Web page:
I was reading an article on the internet that referred to a research study done at Stanford which concluded that multitasking is bad for the brain. A few more clicks on Google, and soon enough, I had a collection of research studies that said the same thing – multitasking isn’t good for you!
At first, this seemed odd to me. But, the more I reflected on my typical work-day, it was pretty obvious that multitasking was bringing down my productivity and was not doing me any good.
This can come as quite a surprise to most of us who believe that the hallmark of an efficient employee/artisan/worker is the ability to do more than one task at the same time. All of us do it – answering the phone while typing out an email, or answering two calls at the same time, or talking on our phones while driving (very bad), and so on.
The loss in productivity comes from context switching.
What really ends up hurting you while multitasking is “context-switching”. By this, I mean that the human brain needs time and some effort to switch from one task to another. And often, some pieces of information (memory) gets lost while making the switch.
Let’s give this a computer analogy. You are working on task A and you want to switch to task B. You first need to save A, close it, open task B, load the data from memory, and only then start working on task B. This is repeated every time you switch between A and B! It’s not hard to see that your computer is going to hang/crash/overload/burn soon! Now, think of your brain as this computer – it isn’t a pretty picture, is it?
Even adding a single project to your workload is profoundly debilitating by Weinberg’s calculation. You lose 20% of your time. By the time you add a third project to the mix, nearly half your time is wasted in task switching.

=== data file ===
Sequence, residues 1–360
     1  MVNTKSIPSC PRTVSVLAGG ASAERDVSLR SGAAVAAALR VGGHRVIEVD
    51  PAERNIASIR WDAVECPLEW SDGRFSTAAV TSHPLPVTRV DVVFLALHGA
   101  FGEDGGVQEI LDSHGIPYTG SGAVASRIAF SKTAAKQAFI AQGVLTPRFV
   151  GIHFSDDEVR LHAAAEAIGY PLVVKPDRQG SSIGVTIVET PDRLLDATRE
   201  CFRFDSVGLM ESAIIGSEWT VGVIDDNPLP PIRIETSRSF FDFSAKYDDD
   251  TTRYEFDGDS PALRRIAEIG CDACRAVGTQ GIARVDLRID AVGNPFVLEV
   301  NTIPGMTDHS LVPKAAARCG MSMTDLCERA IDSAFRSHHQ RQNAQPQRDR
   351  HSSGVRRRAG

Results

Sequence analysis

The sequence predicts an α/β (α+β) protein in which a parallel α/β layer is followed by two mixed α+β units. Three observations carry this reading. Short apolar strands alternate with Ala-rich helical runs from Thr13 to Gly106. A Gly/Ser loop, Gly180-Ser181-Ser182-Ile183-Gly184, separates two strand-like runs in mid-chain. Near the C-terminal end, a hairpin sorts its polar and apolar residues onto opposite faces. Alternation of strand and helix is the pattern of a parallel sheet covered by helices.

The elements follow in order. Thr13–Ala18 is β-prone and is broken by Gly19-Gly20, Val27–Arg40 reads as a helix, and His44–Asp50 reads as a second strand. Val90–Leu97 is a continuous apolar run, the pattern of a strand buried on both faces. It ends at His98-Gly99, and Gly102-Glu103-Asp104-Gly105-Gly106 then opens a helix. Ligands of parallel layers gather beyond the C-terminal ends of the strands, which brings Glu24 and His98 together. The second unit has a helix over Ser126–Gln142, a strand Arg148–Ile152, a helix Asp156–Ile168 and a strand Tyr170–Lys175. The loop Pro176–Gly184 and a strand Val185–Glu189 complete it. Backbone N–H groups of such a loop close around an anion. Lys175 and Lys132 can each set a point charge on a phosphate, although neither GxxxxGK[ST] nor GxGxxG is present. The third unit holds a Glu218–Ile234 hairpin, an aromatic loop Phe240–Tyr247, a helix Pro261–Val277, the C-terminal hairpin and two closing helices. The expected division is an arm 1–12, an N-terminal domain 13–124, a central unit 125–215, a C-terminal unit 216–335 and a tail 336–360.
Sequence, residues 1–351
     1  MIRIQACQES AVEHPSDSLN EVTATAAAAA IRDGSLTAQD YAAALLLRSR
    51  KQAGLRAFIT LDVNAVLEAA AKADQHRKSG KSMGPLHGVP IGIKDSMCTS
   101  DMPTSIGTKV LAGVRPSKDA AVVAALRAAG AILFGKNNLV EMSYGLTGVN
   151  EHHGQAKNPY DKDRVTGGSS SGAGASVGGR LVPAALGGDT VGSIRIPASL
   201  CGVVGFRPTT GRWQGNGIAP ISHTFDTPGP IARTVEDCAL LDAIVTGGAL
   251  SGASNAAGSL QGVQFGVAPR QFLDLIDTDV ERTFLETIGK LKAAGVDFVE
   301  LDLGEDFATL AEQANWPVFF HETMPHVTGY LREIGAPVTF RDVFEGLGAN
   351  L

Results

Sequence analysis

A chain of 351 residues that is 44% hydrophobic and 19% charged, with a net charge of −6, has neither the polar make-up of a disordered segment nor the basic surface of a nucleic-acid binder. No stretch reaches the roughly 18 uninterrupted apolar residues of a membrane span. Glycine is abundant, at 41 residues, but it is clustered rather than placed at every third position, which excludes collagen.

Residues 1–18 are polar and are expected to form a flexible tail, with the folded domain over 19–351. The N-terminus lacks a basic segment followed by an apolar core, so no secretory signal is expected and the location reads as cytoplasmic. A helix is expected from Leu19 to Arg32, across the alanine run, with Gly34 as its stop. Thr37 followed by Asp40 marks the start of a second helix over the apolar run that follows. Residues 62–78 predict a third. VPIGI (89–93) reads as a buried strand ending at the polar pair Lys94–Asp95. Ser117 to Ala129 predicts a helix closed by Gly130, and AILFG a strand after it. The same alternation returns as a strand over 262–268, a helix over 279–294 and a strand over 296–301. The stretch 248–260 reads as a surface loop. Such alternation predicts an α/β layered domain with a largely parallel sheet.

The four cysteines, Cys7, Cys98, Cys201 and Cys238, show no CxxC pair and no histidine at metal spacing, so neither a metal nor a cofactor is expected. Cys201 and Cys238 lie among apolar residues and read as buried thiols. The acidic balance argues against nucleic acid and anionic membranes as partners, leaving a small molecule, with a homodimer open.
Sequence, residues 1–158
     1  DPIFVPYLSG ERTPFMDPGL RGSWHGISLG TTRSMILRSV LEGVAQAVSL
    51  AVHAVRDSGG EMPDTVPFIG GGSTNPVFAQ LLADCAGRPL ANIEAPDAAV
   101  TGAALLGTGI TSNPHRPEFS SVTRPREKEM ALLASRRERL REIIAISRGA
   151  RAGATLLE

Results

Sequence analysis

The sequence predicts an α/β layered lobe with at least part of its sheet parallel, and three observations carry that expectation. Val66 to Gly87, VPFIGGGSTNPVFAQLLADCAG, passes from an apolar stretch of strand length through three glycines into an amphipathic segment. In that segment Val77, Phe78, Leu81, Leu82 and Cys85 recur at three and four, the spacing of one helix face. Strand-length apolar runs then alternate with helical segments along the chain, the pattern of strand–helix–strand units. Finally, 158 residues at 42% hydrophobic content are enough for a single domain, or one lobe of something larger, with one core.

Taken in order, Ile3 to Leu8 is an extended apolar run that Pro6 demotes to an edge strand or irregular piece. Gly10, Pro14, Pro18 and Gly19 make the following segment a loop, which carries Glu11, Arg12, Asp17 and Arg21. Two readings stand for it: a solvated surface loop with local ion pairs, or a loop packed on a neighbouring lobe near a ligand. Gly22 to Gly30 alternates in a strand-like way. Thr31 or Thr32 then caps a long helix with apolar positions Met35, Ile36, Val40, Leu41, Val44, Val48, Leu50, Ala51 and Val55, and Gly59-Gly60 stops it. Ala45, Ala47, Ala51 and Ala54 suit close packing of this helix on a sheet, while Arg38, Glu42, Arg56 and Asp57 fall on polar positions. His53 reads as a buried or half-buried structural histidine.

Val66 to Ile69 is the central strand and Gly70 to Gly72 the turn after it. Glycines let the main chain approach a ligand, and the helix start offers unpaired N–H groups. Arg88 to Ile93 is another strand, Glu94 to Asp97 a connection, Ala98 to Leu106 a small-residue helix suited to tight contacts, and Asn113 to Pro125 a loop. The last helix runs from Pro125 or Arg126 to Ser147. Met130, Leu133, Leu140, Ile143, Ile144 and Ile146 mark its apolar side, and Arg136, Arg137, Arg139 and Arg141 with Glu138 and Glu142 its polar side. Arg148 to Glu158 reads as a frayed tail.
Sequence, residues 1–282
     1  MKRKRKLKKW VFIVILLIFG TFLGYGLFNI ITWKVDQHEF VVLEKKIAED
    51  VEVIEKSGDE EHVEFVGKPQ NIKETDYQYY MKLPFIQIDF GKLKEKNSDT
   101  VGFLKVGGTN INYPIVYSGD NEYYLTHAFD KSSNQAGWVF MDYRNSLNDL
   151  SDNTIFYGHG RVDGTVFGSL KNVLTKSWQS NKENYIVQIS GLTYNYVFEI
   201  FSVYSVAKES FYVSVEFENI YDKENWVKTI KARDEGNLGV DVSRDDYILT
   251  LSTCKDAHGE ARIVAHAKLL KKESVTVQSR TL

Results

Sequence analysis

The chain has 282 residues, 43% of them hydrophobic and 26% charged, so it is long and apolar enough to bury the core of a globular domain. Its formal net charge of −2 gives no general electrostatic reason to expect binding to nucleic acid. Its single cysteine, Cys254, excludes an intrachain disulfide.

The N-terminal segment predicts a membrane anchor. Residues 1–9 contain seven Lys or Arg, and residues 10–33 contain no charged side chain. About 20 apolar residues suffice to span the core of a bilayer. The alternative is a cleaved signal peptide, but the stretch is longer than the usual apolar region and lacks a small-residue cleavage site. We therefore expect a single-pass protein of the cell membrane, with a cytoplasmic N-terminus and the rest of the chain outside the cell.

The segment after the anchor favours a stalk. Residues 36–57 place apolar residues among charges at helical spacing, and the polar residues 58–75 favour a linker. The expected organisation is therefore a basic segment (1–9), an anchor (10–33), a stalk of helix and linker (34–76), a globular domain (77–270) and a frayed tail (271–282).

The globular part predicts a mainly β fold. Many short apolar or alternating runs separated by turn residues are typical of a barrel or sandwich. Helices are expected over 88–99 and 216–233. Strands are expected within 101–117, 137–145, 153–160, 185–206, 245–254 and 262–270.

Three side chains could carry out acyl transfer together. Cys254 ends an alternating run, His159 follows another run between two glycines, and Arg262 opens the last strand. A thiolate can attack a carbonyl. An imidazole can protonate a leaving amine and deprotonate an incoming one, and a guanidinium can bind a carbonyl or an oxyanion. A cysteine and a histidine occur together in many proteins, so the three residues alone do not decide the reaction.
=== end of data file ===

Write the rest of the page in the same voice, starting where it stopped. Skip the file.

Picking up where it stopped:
Why do I multitask?
So, I asked myself why I multitask and here are my top reasons ..
- procrastination : I wasted time earlier, and now I have to cram a lot of tasks in the little time I have left.
- I forgot about a task and its due soon.
- I promised too much and now I have to deliver.
- just plan bored!
But sometimes, I found that multitasking is inevitable – you have a family that you need to take of and a demanding career. Kids, career, work pressure, etc., etc. – it feels as though 24 hours in a day aren’t enough!
I sat and thought hard about it and I realized that though I cannot ignore my family and the unexpected issues that crop up, there is a significant number of things that I can anticipate and plan properly for. I began working at it and I can see the difference in my life. I actually have a little more time every morning to try and cook something for my family, my work-days are no longer chaotic and I end up completing my tasks by 4pm. This has given me time to study and improve my skill set on the job.
Here’s my set of solutions to help you curb multitasking –
- Plan, plan, plan : Every morning I settle down with a cup of tea and plan my day. I write down a list of things that I need to get done : meetings that I need to go to, emails that need attention, code that needs to be written, etc. On a subconscious level, I have my day mapped out and I can handle surprises much more easily.
- Pomodoro Technique : By working in sprints of 20 mins, you will find it easier to concentrate on just one task without all the distractions and context switching.
- Unplug : Turn off all your email alerts, smart phone alerts, alarms, and work on your task with complete concentration. It could be for just 20 mins – but do it!
- Say no : I have learned to say “no” – politely with cause. There is no reason to burden myself with more than I can handle. That way, I don’t make promises that I cannot keep!
I am very curious about how multitasking has helped/affected your personal life and what you’ve done about it. So please let me know in the comments section.